Reducing MEMS Packaging Co-design Complexity

Until now, there was no simple way to share detailed package design data in the early stages of the MEMS design process. Recent availability of a set of standard open tool IC packages within an existing MEMS CAD tool environment provides detailed package design data in an easy-to-use, accessible environment. New ground has been broken by the collaboration of a package supplier* and a MEMS design tool provider**. These two groups have standard packaging libraries that may be used to select and analyze the effects of a package on a MEMS device in a single environment (Figure 1). The goal is to preempt some of the issues discussed earlier, arising from MEMS packaging, and ultimately speed their commercialization.

Figure 1. This MEMS layout editor can include changes in design.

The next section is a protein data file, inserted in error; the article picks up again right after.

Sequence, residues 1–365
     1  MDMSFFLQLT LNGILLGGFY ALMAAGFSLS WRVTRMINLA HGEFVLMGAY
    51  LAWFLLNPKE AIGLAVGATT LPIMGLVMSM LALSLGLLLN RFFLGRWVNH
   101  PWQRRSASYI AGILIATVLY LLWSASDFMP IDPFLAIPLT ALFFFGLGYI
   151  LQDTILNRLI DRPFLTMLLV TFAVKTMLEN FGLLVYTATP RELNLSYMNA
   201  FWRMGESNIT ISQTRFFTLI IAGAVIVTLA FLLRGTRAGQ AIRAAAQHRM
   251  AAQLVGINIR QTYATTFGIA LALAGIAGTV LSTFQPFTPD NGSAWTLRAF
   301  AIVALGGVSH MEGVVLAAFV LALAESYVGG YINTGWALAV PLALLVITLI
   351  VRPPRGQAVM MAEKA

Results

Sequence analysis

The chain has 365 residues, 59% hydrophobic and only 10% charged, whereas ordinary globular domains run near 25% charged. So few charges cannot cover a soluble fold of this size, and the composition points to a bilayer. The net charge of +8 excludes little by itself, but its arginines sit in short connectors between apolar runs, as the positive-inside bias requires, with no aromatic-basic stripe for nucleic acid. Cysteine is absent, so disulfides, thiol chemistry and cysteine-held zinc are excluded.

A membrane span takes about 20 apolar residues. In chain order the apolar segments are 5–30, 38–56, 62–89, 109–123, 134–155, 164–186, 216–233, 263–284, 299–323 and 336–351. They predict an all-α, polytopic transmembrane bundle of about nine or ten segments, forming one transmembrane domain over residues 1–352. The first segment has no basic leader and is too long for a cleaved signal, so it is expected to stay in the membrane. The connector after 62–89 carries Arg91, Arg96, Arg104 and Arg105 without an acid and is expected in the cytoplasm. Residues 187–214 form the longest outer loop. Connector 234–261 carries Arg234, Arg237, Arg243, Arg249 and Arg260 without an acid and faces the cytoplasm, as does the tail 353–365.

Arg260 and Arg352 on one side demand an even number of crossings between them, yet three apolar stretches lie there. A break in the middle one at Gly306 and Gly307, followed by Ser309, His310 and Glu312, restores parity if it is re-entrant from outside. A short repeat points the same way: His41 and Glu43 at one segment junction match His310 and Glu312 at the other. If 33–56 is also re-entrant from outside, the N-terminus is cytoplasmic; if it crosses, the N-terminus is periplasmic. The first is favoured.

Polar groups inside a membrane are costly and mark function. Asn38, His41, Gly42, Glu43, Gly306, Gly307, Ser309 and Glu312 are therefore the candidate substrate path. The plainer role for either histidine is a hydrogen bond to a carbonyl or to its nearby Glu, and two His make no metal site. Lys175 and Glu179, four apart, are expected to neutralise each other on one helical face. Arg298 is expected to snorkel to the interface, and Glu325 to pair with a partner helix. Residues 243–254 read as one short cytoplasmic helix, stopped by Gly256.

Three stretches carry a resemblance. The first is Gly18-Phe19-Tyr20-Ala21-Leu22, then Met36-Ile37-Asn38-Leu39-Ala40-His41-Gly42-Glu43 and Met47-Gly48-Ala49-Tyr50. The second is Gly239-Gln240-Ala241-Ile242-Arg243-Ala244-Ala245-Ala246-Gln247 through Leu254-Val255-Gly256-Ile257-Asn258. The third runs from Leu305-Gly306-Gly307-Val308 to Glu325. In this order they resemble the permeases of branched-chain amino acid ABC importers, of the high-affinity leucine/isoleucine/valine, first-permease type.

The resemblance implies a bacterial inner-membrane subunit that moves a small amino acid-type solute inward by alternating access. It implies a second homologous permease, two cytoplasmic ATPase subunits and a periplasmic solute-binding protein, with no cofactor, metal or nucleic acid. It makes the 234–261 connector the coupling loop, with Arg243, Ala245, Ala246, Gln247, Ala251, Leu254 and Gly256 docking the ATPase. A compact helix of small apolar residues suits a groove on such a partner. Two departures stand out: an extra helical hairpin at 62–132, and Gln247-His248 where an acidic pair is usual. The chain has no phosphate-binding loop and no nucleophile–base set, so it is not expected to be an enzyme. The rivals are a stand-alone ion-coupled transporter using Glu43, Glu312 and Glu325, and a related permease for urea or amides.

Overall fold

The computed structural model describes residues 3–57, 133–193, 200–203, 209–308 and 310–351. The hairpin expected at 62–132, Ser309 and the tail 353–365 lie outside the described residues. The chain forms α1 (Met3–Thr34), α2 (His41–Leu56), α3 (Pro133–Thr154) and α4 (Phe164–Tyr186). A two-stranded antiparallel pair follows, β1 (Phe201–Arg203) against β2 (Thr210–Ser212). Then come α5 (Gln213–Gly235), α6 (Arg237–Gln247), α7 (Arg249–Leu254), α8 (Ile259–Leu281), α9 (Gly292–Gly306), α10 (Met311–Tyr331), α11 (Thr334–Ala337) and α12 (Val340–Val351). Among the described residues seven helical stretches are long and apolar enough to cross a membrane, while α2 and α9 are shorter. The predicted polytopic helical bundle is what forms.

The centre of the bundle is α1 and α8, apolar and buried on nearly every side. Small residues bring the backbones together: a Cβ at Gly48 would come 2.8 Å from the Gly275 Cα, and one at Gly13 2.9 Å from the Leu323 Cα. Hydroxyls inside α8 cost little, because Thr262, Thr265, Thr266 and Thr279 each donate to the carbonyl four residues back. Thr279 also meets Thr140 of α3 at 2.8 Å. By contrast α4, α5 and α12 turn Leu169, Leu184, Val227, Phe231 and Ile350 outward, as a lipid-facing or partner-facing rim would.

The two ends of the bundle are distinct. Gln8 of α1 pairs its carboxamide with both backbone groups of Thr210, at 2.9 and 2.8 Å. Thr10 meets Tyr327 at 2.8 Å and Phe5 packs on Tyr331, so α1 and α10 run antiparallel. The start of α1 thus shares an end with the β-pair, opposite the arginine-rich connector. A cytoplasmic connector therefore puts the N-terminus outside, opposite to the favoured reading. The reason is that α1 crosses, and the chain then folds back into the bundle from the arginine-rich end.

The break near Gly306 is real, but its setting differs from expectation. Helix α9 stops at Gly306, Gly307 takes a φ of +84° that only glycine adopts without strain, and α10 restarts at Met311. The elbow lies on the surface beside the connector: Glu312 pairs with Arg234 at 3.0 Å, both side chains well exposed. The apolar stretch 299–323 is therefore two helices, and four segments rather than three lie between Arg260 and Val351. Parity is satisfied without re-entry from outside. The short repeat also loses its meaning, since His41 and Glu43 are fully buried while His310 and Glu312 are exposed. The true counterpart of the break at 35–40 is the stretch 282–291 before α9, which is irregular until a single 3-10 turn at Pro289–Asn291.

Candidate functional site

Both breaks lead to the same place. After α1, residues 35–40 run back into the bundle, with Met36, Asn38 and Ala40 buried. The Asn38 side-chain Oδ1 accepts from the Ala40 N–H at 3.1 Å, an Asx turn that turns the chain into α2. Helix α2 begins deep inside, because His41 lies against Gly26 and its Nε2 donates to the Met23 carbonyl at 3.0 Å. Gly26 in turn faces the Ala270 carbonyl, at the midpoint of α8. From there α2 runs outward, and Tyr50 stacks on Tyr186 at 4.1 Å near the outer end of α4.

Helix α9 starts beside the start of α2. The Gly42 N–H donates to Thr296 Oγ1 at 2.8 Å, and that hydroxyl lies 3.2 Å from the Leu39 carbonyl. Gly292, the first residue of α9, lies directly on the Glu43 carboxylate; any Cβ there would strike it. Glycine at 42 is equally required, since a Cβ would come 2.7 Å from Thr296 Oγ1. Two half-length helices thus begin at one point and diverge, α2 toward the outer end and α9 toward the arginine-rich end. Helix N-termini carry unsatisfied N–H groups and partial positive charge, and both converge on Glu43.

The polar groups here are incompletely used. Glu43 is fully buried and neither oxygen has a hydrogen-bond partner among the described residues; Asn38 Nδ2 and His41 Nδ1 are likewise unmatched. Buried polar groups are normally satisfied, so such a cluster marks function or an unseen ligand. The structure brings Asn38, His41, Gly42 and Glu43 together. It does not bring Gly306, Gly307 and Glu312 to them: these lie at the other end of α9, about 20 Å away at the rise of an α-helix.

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Ceramic technology provides superior performance because of its mechanical strength, thermal conductivity and heat durability, and is durable enough for harsh environments and cost effective for the consumer market. Through the availability of open-tooled packaging solutions, MEMS designers have more choices for initial package selection in terms of chip size, number of electrical connection, etc., and to consider the effects of packaging early in the design phase. With access to package geometry and materials data, designers can choose specific package concepts from a variety of package types, initiate performance-based design (such as thermomechanical effects), and modify package data to specific microsystem requirements, to shorten the design cycle, reduce risk and decrease time-to-market (Figure 2). The supplier's packaging libraries are now bundled with a MEMS design software suite. This software is used to develop MEMS-based products. The availability of these package libraries to such a wide group of designers, at no additional cost, will help accelerate the design process.